As I mentioned in my Day One article covering the Montreal International Game Summit, this is not your typical games conference. In this conference there are many learning opportunities, partnerships to be made, and resources to be found. I attended a few panels, but also spent a lot of time visiting some of the more collaborative booths in the expo hall.
Vanilla had a large presence, with a focus on creating user forums for sites and developing online communities. They had a passionate crew that was eager to chat with prospective clients and even potential new additions to their team.
Canada Media Fund had a team on hand to describe what is available. It’s pretty amazing that this group gives out $352 million in funding annually to support the Canadian television and digital media industries. This includes the video game industry, and many smaller developers have leveraged this fund to get their games started. The booth had a lot of traffic from most of the studios and partner groups at MIGS.
Xsolla: I know about middleware but generally think in the terms of game engines, physics, and audio. Xsolla talked to me about their systems to help monetize and grow platforms. They have anti-fraud, payment systems, and cart systems to plug into a gaming ecosystem. It was pretty interesting to hear about the depth of their services, which also include site builders and chat engines.
GenVid: E-sports and livestreaming sites like Twitch paved the way for Genvid’s platform. They told me about their systems, which are incredibly cool: streaming from a cloud instance, setting up virtual stadiums, crazy levels of interactivity with viewers. It’s pretty amazing what can be done now as a streamer, and the team was very eager to talk to many people about building their brands through enhanced streaming.
Dolby Atmos: I talked to the Dolby rep for quite a while, as audio in games is so interesting to me. He mentioned how Dolby is adding a ton of functionality via its Atmos software to virtualize surround sound for PC and Console gaming. He gave me a code to install it on my PC and I really could tell the difference. There’s much more immersion in games with this software turned on.
Game Connection: This was a little meta. This group runs an event in San Francisco called Game Connection: The Deal Making Event where developers and publishers meet to work out deals and partnerships. It’s a compressed gathering of many small and major players to get connections made and develop new partnerships. I had to stop and chat, as they were at a similar event discussing their similar event with participants.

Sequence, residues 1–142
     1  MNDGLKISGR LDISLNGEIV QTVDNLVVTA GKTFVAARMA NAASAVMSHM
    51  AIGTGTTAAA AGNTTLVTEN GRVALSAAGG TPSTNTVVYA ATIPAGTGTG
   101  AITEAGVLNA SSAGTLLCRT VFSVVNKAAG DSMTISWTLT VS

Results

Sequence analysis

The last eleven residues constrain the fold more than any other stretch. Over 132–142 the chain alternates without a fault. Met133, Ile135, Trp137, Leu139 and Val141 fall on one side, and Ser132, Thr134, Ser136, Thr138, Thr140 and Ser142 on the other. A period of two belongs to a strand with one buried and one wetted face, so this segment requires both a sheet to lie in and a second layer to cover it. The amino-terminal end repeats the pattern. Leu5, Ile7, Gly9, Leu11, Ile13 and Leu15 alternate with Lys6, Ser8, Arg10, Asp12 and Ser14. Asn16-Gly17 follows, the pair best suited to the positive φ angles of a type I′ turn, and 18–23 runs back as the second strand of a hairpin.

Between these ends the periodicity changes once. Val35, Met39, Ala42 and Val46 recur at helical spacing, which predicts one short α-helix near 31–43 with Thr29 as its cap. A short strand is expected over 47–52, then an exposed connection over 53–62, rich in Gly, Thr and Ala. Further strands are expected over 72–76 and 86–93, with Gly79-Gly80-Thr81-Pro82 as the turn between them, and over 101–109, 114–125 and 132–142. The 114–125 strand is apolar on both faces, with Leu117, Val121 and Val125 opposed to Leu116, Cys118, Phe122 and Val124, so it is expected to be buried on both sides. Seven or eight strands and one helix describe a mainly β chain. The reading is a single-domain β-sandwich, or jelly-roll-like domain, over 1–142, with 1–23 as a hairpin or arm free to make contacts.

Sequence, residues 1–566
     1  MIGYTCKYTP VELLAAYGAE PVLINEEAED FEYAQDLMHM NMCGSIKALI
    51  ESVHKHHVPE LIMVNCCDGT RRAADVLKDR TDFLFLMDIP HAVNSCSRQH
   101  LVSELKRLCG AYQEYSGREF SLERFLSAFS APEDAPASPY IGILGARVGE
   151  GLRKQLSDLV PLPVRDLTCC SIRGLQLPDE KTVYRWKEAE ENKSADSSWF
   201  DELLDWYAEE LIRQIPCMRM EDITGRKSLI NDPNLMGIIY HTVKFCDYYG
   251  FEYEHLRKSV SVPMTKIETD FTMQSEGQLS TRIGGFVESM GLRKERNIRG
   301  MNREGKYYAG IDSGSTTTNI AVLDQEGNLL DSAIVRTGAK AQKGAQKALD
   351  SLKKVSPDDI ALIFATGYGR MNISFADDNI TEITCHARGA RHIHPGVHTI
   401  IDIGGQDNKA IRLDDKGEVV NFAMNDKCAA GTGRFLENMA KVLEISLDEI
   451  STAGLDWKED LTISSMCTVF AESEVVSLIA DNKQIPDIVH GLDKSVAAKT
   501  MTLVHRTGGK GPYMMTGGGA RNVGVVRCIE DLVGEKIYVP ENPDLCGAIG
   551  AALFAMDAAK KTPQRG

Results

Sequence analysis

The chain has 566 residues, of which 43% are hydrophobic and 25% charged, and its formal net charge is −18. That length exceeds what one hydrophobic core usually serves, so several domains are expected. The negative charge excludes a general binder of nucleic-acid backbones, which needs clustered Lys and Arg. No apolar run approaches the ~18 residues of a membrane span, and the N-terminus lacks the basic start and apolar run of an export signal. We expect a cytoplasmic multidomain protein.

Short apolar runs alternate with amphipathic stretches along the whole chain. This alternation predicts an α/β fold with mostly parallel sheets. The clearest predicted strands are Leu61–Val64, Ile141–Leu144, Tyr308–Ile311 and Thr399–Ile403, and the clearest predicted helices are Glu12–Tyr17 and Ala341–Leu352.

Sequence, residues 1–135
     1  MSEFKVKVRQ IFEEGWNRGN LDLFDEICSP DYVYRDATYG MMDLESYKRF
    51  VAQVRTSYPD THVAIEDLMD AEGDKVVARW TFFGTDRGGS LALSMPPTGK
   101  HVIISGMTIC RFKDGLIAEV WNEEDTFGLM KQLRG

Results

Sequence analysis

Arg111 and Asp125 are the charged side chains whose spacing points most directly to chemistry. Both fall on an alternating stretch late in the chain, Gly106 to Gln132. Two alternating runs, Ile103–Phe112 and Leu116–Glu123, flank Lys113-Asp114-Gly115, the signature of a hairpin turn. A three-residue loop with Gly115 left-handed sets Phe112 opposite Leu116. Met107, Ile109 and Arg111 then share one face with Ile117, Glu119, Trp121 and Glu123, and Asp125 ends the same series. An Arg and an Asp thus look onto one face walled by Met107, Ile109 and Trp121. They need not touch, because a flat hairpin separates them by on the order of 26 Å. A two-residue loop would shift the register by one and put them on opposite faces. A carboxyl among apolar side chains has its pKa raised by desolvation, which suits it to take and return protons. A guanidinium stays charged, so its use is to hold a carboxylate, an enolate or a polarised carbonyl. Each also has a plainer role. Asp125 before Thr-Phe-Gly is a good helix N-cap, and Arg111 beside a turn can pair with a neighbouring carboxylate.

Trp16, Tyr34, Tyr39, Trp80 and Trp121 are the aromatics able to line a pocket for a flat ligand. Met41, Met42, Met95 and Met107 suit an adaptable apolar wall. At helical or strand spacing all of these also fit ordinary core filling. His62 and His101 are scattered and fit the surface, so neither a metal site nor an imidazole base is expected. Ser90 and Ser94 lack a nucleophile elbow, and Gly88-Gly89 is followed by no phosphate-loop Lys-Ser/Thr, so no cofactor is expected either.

Along with all the booths where I stopped to chat, I attended a few more panels, which were incredibly interesting. MIGS really brings in true experts that don’t sugarcoat the process for the audience; the lessons are real and the content is amazing.
Adventures in Video Game Writing was a terrific panel with Ann Lemay (WB Games Montreal), Elize Morgan (Ubisoft), Jill Murray (Discoglobe Interactive), Kim Belair (Ubisoft), and Lisa Hunter (Compulsion Games) as speakers. In this terrific roundtable, writers from both the Indie and AAA spaces covered techniques, failed concepts, what works well in games, and what doesn’t work so well. It was a great round of dialogue from a really talented group, fleshing out the writing process in videogames.
With Great Power Comes Great Responsibility: The Character Art of Marvel’s Spider-Man: This panel was hosted by Gavin Goulden, Lead Character Artist for Insomniac Games. It was a terrific deep dive into the love that went into creating the characters in the recent PS4 Spider-Man game. He explored how texturing worked and how layers were used to make clothes seem like clothes. He looked not only at Spidey himself but at the main villains and side characters. It was really interesting to see how they developed the organic textures that made the game so striking.
Music For Games: Under The Hood: This talk was interesting but a little too in-depth for a layman like me. Matthew Carl Earl (Hexany Audio), Michel April, Mike Raznick, Richard Ludlow (Hexany Audio), and Samuel Laflamme each talked about how they put together a selected piece from their portfolio. They discussed layering, where they got the audio, and how they iterated between versions and put the pieces together. I got lost as I did not understand the core concepts. This very cool chat was definitely geared to people working in the field already.
In between wanderings and checking out panels I also interviewed a few people. Of note were Chris Bourassa (Creative Director, Red Hook Studios) and Anne-Sophie Mongeau, Sound Designer Eidos Montréal. Both were great sources of information about their games and work environments.
In the end, the Montreal International Game Summit is a very specific experience where deep dives into the industry are possible. Specific partner paths can be explored, true learning can be obtained from the panels, and experts are around every corner It may not have the flash and style of a PAX or E3 but it is a really strong industry experience that has a lot to offer to insiders and fans of the video game industry.